From the Gulf to my fork

I love my friends Pam and Larry Malinoski. I blogged about Pam a few weeks ago and told you about her debut "Hooked-Up Cooking Show" posted on YouTube. To view it, see my April 2 post.

Anyway, there's a good chance when Pam calls me late in the afternoon and asks, "Have you cooked dinner yet?" that she and Larry had a good day fishing.

Sure enough, yesterday I got THE phone call.

"We caught some grouper; if you want some, come on over," she beckoned over the phone.

Four minutes and 22 seconds later, I was ringing the Malinoskis doorbell.

Wow! Isn't it handsome? (Larry, you're a fine-looking catch, too.)

He caught this grouper in Tampa Bay. I immediately had a plan for this beauty — grouper en papillote. The fish fillets are wrapped in paper, so the steam can't escape. The paper acts as a container, allowing the fish to steam in its own juices, as well as whatever flavorings are added.

I think this is probably one of the easiest and tidiest ways to cook fish. Cleaning the grill is not one of my favorite things to do. So, I grabbed two sheets of parchment paper, (or you can use foil) and started creating a layer of ingredients on top of one of the sheets of parchment paper. First a row of 1/2-inch sliced red potatoes, then the fish fillet, a few slices of Roma tomatoes, a teaspoon of minced garlic, two tablespoons of chopped fresh basil, and finally three or four sliced kalamata olives on top. Season with a dash of salt and pepper and a light drizzle of olive oil.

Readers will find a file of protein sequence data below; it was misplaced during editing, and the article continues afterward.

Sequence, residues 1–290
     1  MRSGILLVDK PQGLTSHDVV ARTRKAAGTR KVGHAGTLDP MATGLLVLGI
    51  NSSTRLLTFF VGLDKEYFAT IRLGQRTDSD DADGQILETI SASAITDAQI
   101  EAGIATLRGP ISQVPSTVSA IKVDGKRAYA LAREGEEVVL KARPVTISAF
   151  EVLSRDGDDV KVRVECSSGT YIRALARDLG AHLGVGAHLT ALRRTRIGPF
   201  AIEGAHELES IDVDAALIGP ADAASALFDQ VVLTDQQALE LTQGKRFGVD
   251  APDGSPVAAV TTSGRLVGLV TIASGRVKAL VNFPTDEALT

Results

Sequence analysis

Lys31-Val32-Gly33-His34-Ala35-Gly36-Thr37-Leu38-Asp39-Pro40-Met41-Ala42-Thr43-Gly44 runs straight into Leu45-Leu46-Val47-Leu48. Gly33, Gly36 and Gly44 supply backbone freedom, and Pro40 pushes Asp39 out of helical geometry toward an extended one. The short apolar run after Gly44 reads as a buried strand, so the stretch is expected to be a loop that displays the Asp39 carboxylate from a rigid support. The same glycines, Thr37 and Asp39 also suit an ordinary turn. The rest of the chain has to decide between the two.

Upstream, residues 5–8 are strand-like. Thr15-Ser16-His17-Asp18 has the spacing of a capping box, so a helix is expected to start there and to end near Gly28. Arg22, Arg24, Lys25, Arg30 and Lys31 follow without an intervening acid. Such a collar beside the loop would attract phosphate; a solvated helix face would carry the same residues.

Repeat this process for each fish fillet.

Fold the paper or foil to enclose the ingredients and seal the edges. Place on a baking sheet and bake in a preheated, 425 degree oven for 20 minutes. The smell is amazing!

Make an X in the top of the packet and fold back the paper: be careful of the steam. Serve immediately.

Thanks Pam and Larry! I owe you big time; this grouper was such a treat — so fresh and so moist. Ah, life is good in Ruskin!

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